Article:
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An Ounce of Prevention is Worth Tons of Future Harvests

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“Ocean acidification is a pocketbook issue here. It’s about dollars and cents and jobs,” said New Bedford Mayor Jon Mitchell in Massachusetts at Monday’s conference on Ocean Acidification and Southern New England. Organized by the Woods Hole Research Center, this workshop brought together fishermen, planners, ocean acidification experts, and policymakers to jumpstart action on ocean acidification. Mayor Mitchell noted, “There is no more appropriate place to discuss ocean acidification” than in New Bedford, where smart fisheries management has led to a scallop boom.  In fact, the city is the sea scallop harvest capital of the U.S. and its port consistently brings in the highest commercial fishery revenue in the country each year.

The workshop began reviewing the science of ocean acidification as it relates to Massachusetts’ oceanography and fisheries. There’s still a lot to learn, particularly about how iconic fisheries like sea scallops and lobster respond to ocean acidification.  But it’s clear that there is a lot to be worried about in New England. Seawater acidity is greater in these waters today than it was 35 years ago.


Folks closely affiliated with the sea scallop, oyster, lobster, and other fisheries spoke about the multiple environmental challenges they face, from coastal pollution that results in harmful algal blooms, to ocean acidification and warming. Fortunately, ocean acidification hasn’t caused measurable losses to New England fisheries yet, as it has in the Pacific Northwest with the oyster industry. But it’s clear that decision-makers in Massachusetts are starting to sit up and pay attention.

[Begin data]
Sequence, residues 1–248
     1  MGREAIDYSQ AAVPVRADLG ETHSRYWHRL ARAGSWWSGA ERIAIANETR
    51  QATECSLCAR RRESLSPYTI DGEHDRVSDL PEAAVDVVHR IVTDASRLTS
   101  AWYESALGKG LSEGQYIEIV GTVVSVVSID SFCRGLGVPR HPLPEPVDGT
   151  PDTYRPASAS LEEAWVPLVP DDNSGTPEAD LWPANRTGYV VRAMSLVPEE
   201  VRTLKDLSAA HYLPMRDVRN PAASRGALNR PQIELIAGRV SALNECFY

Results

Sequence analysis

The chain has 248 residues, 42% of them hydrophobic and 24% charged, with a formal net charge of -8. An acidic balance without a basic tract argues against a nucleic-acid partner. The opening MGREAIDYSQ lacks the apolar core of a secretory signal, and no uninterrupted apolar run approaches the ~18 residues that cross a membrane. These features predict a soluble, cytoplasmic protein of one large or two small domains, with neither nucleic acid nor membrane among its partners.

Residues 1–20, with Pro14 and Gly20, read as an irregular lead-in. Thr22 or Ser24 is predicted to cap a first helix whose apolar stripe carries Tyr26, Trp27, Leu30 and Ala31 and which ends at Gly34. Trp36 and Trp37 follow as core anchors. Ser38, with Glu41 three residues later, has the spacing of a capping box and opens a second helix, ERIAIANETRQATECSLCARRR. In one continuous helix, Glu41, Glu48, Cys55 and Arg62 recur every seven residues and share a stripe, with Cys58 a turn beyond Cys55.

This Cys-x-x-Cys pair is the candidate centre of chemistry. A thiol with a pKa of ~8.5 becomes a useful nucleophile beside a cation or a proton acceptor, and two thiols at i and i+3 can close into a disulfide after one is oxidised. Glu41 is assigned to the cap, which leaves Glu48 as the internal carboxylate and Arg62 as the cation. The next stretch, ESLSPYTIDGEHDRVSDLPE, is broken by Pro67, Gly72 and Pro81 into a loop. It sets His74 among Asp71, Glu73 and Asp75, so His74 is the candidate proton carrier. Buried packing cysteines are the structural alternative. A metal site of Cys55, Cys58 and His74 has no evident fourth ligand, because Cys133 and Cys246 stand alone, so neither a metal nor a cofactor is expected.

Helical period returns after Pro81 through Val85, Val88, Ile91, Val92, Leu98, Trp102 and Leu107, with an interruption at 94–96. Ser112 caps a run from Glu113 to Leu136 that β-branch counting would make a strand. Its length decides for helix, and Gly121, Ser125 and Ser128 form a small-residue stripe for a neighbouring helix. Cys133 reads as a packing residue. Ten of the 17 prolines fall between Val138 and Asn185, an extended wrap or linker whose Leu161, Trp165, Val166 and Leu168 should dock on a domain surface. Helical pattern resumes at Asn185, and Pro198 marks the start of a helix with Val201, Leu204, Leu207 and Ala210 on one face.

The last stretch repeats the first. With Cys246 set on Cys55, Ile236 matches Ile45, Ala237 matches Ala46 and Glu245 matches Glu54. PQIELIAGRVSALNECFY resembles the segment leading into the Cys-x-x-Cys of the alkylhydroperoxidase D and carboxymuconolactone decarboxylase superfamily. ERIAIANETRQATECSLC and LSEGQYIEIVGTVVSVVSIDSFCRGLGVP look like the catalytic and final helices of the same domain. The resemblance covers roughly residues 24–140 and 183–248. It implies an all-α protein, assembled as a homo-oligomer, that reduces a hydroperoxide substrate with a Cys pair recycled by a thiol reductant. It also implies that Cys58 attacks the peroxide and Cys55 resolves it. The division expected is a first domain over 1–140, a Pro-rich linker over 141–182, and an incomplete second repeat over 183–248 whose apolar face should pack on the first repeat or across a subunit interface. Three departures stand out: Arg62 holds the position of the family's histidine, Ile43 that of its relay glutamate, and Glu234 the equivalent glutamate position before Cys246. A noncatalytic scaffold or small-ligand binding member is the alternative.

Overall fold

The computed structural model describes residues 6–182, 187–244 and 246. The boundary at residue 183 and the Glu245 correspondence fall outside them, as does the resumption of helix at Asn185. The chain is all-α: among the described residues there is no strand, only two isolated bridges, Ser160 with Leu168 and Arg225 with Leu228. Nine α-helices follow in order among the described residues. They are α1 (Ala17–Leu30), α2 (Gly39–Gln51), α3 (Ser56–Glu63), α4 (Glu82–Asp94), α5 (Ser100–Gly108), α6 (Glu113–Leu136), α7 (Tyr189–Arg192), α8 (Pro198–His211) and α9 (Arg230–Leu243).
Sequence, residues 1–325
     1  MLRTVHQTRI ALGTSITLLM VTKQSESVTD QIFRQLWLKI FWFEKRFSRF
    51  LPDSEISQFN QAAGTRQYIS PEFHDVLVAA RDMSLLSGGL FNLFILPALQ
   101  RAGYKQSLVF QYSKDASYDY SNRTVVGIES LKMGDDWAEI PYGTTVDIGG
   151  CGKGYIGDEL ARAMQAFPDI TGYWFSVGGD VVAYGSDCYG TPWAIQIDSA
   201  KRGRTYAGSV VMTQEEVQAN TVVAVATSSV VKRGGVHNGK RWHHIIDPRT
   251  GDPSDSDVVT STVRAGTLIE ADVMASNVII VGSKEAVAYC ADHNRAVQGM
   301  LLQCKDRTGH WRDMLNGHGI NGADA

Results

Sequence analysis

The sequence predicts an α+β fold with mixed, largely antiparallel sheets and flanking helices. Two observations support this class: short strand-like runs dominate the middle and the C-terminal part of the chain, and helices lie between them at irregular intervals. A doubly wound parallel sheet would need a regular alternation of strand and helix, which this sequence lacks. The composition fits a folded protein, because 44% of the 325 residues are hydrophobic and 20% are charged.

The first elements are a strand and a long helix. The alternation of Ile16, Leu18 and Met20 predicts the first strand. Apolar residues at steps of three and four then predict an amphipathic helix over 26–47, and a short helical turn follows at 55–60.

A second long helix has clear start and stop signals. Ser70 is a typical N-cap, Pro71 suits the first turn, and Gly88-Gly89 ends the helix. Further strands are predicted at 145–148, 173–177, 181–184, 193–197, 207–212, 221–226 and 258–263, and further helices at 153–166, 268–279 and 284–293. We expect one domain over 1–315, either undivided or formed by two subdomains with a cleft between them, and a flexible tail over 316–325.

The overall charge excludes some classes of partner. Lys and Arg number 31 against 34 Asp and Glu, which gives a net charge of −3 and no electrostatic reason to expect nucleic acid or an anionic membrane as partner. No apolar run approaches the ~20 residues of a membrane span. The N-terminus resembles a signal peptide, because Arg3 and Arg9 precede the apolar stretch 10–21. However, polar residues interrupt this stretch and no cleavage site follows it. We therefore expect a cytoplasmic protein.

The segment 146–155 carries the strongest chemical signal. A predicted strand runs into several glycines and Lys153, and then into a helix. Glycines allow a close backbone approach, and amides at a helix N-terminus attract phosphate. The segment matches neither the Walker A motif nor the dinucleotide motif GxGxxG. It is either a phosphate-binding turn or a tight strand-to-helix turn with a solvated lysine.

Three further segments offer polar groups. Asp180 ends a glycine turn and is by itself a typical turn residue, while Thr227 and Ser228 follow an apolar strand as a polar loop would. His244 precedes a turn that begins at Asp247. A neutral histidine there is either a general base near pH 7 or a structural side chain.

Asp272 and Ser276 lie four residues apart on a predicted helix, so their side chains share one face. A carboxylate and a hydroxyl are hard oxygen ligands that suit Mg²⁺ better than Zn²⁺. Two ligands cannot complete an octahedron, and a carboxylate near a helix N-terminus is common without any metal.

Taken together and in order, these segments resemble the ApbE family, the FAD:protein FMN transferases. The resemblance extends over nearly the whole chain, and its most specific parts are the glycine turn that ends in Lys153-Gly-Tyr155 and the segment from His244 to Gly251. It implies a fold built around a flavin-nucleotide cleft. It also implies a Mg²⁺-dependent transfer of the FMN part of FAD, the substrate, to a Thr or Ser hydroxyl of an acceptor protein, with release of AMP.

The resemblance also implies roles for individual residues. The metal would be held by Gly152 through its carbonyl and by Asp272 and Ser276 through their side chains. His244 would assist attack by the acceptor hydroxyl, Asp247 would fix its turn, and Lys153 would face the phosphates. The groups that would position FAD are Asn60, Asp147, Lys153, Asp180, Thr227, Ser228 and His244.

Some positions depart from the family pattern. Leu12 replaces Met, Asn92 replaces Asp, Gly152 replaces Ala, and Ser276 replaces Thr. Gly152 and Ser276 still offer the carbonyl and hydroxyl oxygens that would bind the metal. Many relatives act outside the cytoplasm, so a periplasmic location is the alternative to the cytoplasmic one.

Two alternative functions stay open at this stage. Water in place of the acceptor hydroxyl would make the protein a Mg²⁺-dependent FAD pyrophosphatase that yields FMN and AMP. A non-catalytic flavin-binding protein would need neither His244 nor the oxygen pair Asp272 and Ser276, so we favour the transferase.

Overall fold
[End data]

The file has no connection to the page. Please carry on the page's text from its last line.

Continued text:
Representatives of Massachusetts state agencies, nonprofit organizations, and NOAA, joined by State Reps. William Straus (D-Mattapoisett) and Timothy Madden (D-Nantucket) highlighted new opportunities and many existing initiatives that can help partially address ocean acidification. The state already has goals to reduce carbon dioxide emissions statewide and decrease land-based pollution flowing into waterways.

Attendees generally seemed to favor convening a statewide study panel, such as those in Washington State, Maine, and Maryland, to assess how Massachusetts’ existing goals might expand to address ocean acidification concerns and the additional knowledge that is needed. Certainly, there is a great deal of interest in taking preventive action against ocean acidification in Massachusetts, to protect this state’s valuable and iconic fisheries and the communities and people that depend on them.

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